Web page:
Cloud Computing: Verizon Brings Pay-As-You-Go Pricing to Government

Grazed from NextGov. Author: Frank Konkel.

When you think about the hallmarks of cloud computing -- on-demand service, resource pooling, elasticity, scalability and the like -- it’s easy to overlook how you pay for those cloud services. Federal agencies often still use a fixed pricing model, where an agency purchases an allotment of cloud services and pays for them, whether they are fully used or not.

However, in the spirit of true cloud computing, it appears cloud vendors are coming around to offering government customers the same pay-as-you-go approach popular among commercial customers. Verizon Enterprise Solutions, buoyed by demand from existing federal customers, announced last week it is offering a new consumption model for federal customers who use its Enterprise Cloud platform...

Cloud Computing: SAP/HANA Does Big Data

Grazed from SysConMedia.  Author: Kevin Jackson.

While SAP is globally renowned as a provider of enterprise management software, the name is hardly ever associated with the spooky world of intelligence. That is one reason why I jumped at the opportunity to talk with SAP executives responsible for the company's work in that clandestine marketplace.

SAP National Security Services, Inc.™ (SAP NS2™) is an independent U.S. subsidiary of the company and offers a full suite of SAP enterprise applications, analytics, database, cyber security, cloud, and mobility software solutions. These offerings, however, are endowed with specialized levels of security and support needed to meet the unique mission requirements of US National Security Agencies and critical national infrastructure customers...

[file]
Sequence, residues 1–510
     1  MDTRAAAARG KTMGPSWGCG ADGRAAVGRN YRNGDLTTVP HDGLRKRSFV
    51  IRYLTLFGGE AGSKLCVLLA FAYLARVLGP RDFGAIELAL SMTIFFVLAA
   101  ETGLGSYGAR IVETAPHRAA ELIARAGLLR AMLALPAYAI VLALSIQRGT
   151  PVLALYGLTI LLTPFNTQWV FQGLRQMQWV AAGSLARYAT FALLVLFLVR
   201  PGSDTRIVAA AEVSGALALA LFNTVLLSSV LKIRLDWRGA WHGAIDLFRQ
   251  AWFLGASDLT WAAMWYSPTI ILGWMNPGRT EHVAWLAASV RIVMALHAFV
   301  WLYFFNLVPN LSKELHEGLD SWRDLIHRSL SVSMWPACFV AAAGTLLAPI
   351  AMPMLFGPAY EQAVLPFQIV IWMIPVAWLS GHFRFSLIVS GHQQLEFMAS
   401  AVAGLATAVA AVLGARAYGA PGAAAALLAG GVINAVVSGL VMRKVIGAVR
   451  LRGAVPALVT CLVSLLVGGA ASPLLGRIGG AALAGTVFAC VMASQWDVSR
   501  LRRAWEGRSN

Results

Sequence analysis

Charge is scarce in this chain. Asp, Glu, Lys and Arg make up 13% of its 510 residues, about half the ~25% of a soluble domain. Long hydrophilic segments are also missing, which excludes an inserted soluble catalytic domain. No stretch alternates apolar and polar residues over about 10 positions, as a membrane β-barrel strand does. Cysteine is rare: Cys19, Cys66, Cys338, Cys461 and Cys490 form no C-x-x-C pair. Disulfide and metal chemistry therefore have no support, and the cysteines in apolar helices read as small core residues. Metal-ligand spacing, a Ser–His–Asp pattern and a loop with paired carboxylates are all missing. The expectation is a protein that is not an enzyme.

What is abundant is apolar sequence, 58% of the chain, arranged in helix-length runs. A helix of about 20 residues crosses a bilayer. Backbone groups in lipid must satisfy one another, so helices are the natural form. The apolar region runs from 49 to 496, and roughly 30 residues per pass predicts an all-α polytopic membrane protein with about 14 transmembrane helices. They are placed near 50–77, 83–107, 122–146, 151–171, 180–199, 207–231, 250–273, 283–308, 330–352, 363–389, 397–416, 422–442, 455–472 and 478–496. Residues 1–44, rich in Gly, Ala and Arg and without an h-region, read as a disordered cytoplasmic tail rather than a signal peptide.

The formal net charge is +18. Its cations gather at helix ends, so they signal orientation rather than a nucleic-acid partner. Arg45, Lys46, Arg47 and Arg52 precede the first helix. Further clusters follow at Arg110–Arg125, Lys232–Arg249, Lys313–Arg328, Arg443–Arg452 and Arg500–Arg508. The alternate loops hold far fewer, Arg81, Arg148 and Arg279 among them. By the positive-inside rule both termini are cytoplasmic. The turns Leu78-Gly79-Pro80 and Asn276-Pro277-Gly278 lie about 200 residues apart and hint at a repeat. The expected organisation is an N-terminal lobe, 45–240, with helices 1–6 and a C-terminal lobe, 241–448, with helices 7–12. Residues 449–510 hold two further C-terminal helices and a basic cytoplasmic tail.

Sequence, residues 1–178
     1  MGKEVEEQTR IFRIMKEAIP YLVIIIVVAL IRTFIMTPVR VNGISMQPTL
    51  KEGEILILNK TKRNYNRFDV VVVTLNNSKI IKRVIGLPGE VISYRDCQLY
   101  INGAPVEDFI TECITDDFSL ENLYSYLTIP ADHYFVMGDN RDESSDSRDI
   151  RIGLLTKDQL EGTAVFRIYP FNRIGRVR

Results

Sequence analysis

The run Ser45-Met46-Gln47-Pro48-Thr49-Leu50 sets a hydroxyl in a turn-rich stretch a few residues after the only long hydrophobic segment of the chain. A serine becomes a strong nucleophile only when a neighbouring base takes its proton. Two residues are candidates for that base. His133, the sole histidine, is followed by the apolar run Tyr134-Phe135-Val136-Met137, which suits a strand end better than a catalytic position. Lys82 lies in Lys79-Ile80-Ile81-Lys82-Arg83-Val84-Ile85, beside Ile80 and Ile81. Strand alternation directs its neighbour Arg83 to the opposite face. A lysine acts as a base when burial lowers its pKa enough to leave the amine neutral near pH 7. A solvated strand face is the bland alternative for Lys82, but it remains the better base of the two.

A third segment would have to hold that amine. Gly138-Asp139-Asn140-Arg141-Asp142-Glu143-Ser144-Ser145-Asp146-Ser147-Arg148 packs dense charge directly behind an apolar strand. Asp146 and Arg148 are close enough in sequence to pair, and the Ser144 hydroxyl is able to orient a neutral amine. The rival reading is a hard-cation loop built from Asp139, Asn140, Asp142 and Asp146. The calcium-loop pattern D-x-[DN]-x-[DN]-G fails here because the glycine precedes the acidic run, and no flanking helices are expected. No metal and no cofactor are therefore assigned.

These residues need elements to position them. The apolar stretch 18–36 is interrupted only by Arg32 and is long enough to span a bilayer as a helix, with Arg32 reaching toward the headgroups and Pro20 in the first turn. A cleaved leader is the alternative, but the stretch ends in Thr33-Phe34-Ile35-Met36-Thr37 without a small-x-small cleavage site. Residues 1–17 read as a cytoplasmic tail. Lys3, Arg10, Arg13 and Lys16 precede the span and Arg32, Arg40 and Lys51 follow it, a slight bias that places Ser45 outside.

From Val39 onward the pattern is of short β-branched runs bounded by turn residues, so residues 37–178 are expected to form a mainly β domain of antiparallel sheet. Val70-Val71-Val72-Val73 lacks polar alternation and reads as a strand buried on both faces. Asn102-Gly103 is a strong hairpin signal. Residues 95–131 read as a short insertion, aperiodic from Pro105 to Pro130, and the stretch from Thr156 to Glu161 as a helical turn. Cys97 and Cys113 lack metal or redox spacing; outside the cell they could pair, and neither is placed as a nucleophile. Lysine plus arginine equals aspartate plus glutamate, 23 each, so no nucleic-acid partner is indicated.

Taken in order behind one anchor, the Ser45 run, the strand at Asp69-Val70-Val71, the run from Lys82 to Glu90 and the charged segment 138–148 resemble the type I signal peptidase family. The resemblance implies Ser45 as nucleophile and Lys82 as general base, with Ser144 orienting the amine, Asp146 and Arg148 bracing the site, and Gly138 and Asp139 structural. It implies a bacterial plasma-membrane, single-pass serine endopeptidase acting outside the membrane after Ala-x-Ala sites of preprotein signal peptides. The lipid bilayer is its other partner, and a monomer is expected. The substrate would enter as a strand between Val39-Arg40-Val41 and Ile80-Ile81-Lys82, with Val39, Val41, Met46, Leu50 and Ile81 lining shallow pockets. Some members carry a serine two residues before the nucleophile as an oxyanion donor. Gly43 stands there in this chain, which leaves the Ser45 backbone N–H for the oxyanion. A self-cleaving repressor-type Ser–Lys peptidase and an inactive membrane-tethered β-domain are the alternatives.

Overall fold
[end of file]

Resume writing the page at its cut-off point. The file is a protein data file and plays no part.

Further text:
NSA's Grand Plan to Snowden-Proof Its Data Using the Cloud

Grazed from NextGov.  Author: Frank Konkel.

Almost two years ago, the National Security Agency forever lost its “No Such Agency” nickname at the hands of one of its contractors -- a once-trusted insider by the name of Edward Snowden.

Snowden’s stream of leaked NSA secrets about classified surveillance programs shined the public spotlight on the clandestine government organization. Though the stream has now dissipated to a trickle, the impact to the intelligence community continues...